Good news, this morning: despite tweets of ill portent, the AFLD announced no new doping positives from their retesting of a select group of riders at the 2008 Tour de France. Of course, the Frenchman just couldn’t let a press opportunity go without dinging the UCI, blaming the lack of positives at this years Tour on the the governing body’s bungling, rather than crediting to a cleaner—or more careful—peloton.
But according to Thomas Dekker, none of that should matter because EPO doesn’t work. Far be it for me, a rider who’s never doped, to correct the Dutchman, but taking EPO only once in December 2007 (as he’s claimed), seems like a poor way to increase performance during the actual racing season, and very unlikely grounds for dismissal from your team 9 months later.
In fact, perhaps the most striking doping story of the past 24 hours comes out of Houston, where a young (22) amateur cyclist was busted for a whole host of hormone modulators. Rather than the young age or comparatively low level of competition—we’ve all heard Joe Papp explain how things were at the amateur levels in the bad old days, right?—what surprised me was the fact that he was tested in the first place, and that he never mentioned a thing about it.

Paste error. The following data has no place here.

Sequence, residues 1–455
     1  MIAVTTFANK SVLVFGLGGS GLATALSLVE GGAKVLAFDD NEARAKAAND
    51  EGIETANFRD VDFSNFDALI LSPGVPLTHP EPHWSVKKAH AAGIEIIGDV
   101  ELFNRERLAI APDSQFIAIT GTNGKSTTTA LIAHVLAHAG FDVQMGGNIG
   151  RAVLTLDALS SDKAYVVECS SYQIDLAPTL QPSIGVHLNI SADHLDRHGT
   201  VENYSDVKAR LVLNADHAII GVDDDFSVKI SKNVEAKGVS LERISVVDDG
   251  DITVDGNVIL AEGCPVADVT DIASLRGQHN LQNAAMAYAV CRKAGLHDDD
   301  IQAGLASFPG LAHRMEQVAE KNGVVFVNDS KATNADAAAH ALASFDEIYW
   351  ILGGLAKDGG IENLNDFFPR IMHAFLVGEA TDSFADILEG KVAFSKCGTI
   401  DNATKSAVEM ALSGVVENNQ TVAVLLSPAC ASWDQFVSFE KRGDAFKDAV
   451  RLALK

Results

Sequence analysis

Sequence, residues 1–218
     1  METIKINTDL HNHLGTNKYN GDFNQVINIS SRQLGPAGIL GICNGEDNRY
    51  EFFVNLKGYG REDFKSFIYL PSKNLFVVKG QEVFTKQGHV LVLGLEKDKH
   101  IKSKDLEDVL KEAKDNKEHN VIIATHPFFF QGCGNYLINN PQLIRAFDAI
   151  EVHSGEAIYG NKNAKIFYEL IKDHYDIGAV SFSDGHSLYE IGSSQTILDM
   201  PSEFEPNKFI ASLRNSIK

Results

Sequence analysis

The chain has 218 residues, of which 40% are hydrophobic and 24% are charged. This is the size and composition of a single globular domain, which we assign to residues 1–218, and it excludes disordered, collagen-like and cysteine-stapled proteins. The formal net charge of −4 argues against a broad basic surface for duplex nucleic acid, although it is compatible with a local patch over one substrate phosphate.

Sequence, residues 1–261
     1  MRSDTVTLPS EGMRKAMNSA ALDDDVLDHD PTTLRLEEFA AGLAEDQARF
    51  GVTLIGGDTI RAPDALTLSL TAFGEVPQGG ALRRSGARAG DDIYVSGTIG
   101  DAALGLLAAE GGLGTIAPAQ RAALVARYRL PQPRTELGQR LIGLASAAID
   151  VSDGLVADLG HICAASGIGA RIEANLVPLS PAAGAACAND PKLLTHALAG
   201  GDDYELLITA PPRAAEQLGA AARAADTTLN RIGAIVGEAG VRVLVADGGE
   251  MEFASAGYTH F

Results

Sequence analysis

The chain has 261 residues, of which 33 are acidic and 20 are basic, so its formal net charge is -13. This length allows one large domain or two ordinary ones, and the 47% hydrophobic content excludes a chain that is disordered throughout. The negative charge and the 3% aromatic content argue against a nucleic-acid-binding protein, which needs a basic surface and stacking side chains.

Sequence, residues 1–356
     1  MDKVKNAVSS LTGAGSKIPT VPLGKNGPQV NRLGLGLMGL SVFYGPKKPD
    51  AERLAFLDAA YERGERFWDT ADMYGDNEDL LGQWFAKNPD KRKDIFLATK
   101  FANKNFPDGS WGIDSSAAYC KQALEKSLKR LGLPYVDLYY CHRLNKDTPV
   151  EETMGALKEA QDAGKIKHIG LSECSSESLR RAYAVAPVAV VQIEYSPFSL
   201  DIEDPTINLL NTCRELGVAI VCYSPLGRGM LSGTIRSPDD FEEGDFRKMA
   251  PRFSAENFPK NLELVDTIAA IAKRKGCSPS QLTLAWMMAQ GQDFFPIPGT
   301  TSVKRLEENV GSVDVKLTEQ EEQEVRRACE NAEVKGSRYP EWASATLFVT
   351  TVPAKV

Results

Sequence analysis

USA Cycling has a fairly complete set of results, for the rider, dating back over five years. They seem to reveal what I would consider a fairly normal career trajectory for a clearly talented rider transitioning from mountain to road. Certainly his performances this year—at least on paper—don’t seem to raise any flags for me. Maybe—riders good enough to be tested feel free to weigh in—Cat 1s and 2s go through out-of-competition controls more often than I think?
Strangest of all, despite having a decently up-to-date personal blog, a Twitter account, and even a team blog, not a word appears about a test, communicating with USADA, or accepting a suspension. It’s strange, considering certain riders make a point of tweeting every single control. I tried to get in touch with him via Facebook, but never heard anything back—though he certainly had no problem yelping to VN’s Charles Pelkey.